australiancruisingnews.com has no doubt food is a major attraction for passengers on cruise ships. There is so much choice on board from the white linen service in the main dining room to the high-end restaurants overseen by famous international chefs such as Jamie Oliver and Marco Pierre White.
Quite a change from the all-you-can-eat buffet that used to be the main attraction, and guaranteed cruise passengers arrived home from a holiday-at-sea with an increased waistline.
Today’s focus is on healthy eating and some cruise lines have even looked at closing down the traditional buffet. One of the first off the rank is P&O Cruises which has forsaken the buffet for The Pantry on its Sydney based Pacific Jewel, with a similar set-up planned for its two new ships Pacific Eden and Pacific Aura which arrive in Australian waters later this year.
As seen on the video above, The Pantry is all about choices, and in many ways is akin to a food court where each section has its own flavour, with quirky names such as Hook’s Fish and Chips to the Fat Cow, and the Sugar Bar, pocruises.com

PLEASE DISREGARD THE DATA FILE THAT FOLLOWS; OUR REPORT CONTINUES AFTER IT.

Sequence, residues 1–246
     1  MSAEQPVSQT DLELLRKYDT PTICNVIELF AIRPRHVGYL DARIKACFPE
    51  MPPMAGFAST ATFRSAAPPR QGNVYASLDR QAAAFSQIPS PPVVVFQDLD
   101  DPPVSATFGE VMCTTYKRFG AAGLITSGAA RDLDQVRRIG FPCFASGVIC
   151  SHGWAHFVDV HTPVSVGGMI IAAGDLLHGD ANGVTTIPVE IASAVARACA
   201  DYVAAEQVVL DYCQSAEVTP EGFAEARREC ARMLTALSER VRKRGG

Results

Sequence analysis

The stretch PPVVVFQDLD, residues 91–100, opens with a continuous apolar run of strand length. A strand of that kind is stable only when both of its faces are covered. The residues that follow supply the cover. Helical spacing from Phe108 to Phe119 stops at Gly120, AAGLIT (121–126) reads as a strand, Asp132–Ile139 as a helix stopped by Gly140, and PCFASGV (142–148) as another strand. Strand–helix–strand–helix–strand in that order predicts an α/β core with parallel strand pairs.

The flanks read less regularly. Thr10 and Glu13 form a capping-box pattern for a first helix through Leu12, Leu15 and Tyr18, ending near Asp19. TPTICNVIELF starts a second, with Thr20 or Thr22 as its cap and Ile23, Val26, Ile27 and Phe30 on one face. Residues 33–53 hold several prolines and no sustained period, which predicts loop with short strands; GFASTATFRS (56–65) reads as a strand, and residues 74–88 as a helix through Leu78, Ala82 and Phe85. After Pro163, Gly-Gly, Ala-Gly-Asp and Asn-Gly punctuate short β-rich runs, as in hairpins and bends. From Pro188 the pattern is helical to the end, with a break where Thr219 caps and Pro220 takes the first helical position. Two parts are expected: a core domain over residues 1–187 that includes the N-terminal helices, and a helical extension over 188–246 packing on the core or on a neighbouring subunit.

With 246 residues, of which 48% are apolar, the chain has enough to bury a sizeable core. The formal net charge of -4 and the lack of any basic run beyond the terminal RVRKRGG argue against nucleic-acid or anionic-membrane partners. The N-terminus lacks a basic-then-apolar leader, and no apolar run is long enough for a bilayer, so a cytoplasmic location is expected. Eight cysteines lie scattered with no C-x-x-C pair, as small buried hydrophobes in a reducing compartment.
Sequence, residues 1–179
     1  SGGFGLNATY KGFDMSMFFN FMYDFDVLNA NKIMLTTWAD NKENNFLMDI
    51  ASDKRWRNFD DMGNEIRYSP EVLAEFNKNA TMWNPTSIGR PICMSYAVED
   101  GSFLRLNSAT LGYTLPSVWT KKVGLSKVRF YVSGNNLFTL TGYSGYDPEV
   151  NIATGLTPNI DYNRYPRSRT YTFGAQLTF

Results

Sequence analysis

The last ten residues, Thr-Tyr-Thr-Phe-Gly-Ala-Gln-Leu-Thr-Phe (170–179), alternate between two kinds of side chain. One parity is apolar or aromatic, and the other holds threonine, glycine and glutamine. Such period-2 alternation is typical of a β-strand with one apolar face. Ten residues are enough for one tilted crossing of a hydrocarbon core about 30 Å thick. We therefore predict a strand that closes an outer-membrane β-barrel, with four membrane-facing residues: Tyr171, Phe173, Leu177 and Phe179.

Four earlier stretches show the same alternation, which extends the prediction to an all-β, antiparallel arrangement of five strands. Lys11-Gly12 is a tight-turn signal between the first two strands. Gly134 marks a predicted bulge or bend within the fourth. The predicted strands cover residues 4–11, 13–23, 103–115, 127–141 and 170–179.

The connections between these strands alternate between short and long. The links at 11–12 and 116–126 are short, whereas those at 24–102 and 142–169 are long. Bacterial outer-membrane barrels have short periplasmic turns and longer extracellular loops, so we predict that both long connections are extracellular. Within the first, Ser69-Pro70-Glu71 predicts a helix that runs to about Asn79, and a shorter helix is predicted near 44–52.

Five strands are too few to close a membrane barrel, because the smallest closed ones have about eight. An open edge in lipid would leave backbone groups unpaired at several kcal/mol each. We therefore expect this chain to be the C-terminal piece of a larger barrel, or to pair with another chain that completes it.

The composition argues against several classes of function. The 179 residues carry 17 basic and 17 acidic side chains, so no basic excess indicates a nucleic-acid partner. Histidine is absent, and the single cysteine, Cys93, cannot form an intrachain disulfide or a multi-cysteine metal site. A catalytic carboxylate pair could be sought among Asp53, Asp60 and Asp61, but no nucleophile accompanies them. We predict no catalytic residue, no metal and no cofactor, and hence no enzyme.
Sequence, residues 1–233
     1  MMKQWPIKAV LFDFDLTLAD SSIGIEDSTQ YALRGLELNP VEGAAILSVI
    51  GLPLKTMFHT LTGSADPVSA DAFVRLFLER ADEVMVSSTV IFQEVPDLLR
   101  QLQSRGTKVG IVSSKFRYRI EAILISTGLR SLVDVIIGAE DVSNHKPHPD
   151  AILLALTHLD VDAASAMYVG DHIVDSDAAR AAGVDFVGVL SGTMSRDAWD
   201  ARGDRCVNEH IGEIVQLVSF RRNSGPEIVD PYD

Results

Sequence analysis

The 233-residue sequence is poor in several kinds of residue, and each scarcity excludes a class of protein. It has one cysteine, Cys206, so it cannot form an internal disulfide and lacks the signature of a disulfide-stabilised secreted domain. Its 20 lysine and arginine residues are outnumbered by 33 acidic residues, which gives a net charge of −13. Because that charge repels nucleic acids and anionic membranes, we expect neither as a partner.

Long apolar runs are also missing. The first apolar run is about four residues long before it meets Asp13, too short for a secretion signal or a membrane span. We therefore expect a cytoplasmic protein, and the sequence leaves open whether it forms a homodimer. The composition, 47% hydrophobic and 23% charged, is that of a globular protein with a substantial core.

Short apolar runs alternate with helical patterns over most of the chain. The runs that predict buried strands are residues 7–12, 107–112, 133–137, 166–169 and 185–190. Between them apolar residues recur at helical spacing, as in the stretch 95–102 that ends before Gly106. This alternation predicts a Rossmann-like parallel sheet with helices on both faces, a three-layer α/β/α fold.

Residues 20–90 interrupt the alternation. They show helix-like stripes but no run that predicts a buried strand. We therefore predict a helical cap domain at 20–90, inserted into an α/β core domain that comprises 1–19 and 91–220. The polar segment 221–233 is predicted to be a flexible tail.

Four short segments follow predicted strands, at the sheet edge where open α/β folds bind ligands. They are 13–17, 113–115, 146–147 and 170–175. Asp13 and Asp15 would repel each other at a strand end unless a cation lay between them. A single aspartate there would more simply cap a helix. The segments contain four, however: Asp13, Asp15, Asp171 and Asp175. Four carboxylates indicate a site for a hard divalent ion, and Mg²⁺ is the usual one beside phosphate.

Internationally, Royal Caribbean has introduced a similar option with its Windjammer bistro-style Marketplace with stations from a 24-hour grill to a bakery, and passengers also have made-to-order options, royalcaribbean.com
A highlight of past cruises used to be the Midnight Buffet which showed off the unique skills of the culinary staff from delicate pastries to giant ice carvings. There was even a viewing so that passengers could take pictures of the fantastic creations before they were demolished at the midnight feast. But even that event is now a dying art as cruise ships usually opt for an earlier in the evening, less formal outdoor buffet, that is more of a party with a lively band and dancing on deck.